News from around the World
- International Women’s Day 8 March 2014: Theme – Inspiring Change
- USA EPA’s Endocrine Disruptor Screening Program Updates EDSP Comprehensive Management Plan
- IPAF supports ALH Conference and Awards in Miami
- 7th Annual ABSA/Emory/ERGF Leadership Institute for Biosafety Professionals
- REACH Evaluation Report 2013: Results and recommendations from dossier evaluation
- Public Health Victory as European Parliament Backs Tobacco Products Directive
- Cochrane South Asia is privileged to host the 22nd Cochrane Colloquium
- HSE showcases this year’s scientific research achievements
- What is the issue over copper ionisation in legionella control?
International Women’s Day 8 March 2014: Theme – Inspiring Change
International Women’s Day (IWD) originated in 1911, when women garment workers in New York held demonstrations protesting against their appalling and dangerous working conditions, after a fire engulfed their factory.
Women in the textile and readymade garment industries remain at the forefront of campaigns for health and safety, for decent wages and conditions, and against state repression and tyranny. We need only look to women workers in Bangladesh, Cambodia and Thailand to see these struggles.
The value of women’s unpaid housework and community work is estimated to be up to one third of GDP worldwide, or about US$ 11 trillion. Nearly 70 per cent of the world’s 1.3 billion people living in poverty are women. 80 per cent of the world’s 27 million refugees are women and children. An estimated 20 million unsafe abortions are performed worldwide every year, resulting in the deaths of 70,000 women.
Women still face domestic violence and rape in all countries. Basic rights including free and safe abortion are still illegal in many countries. Women’s rights at school and at work are very restricted in many countries. Equal pay for work of equal value still has not been achieved anywhere.
In cities across the world on 8 March 2014 women and men will be marching to advance the fight for women’s rights.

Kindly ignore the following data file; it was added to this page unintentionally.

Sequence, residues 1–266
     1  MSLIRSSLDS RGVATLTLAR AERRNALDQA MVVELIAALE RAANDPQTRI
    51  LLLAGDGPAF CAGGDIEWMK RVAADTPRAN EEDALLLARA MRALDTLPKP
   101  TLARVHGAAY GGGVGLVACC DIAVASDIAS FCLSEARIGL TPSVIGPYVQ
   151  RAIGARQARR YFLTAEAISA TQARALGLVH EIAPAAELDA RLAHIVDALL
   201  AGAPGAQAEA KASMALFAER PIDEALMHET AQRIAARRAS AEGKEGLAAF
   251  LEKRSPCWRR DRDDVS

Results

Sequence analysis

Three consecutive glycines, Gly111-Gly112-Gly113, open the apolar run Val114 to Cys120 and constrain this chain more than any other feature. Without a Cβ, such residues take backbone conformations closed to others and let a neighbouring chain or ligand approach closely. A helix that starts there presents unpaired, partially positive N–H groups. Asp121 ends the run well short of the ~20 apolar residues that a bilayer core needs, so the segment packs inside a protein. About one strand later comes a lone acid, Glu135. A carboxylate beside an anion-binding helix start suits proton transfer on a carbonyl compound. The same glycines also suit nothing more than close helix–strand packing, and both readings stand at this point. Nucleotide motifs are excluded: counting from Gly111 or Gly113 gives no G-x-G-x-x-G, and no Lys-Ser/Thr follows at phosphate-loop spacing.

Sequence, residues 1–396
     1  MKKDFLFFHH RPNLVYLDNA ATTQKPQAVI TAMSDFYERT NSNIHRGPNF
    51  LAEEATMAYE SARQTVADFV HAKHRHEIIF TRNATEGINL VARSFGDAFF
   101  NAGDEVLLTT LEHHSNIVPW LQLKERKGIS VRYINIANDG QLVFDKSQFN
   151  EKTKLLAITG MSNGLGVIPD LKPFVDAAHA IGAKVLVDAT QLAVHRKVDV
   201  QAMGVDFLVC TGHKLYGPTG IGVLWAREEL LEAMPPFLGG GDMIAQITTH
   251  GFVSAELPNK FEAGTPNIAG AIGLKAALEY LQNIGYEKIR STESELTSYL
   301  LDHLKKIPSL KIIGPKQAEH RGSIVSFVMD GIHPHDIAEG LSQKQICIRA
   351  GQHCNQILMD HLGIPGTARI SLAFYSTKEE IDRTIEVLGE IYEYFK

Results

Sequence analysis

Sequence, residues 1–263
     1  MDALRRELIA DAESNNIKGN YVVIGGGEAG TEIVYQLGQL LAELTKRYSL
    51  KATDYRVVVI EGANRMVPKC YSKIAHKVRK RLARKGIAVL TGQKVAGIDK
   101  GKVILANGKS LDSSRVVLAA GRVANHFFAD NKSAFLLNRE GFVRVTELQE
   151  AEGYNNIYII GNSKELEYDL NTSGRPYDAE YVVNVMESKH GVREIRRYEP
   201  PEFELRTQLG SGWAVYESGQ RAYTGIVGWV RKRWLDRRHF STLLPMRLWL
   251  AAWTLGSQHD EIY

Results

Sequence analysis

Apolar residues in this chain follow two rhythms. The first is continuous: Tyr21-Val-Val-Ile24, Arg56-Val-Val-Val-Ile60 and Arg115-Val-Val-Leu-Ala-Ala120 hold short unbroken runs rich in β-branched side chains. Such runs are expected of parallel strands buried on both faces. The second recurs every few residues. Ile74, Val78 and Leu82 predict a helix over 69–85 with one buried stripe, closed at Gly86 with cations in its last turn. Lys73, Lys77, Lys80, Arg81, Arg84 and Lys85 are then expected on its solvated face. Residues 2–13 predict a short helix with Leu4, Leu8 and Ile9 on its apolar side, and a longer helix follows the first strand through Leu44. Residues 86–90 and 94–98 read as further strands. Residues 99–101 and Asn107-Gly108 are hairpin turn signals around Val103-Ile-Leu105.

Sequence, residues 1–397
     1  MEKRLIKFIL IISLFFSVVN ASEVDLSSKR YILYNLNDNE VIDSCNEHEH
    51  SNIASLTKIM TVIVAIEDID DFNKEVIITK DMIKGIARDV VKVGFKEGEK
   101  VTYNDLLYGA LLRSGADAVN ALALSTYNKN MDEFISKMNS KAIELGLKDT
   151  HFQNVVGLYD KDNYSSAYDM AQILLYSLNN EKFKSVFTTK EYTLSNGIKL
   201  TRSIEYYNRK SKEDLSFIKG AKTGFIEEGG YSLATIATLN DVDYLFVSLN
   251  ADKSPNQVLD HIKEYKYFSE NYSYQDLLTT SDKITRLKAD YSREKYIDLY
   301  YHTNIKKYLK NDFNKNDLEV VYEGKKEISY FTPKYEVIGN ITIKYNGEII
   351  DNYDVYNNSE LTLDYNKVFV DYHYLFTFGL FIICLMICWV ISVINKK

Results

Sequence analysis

For more details see www.internationalwomensday.com
USA EPA’s Endocrine Disruptor Screening Program Updates EDSP Comprehensive Management Plan
The USA Environmental Protection Agency (EPA) has updated its Endocrine Disruptor Screening Program (EDSP) Comprehensive Management Plan to emphasize the utilization of advanced informational technology and computational methods. The mission of the EDSP is to protect people, wildlife and our environment from chemicals that adversely affect endocrine systems by screening pesticides, chemicals and environmental contaminants for their potential effects on estrogen, androgen and thyroid hormone systems.
The updated 2014 EDSP Comprehensive Management Plan provides strategic guidance for agency personnel and outlines the critical EDSP activities that are planned for this program over the next five years. Among the many critical activities is a core focus on using informational technology to enhance data interpretation and applying computational methods to more efficiently prioritize and screen the universe of EDSP chemicals for potential effects on the endocrine system. This document is made available to the public as a source of information and to ensure open transparency.
Detailed information is available at www.epa.gov/endo
IPAF supports ALH Conference and Awards in Miami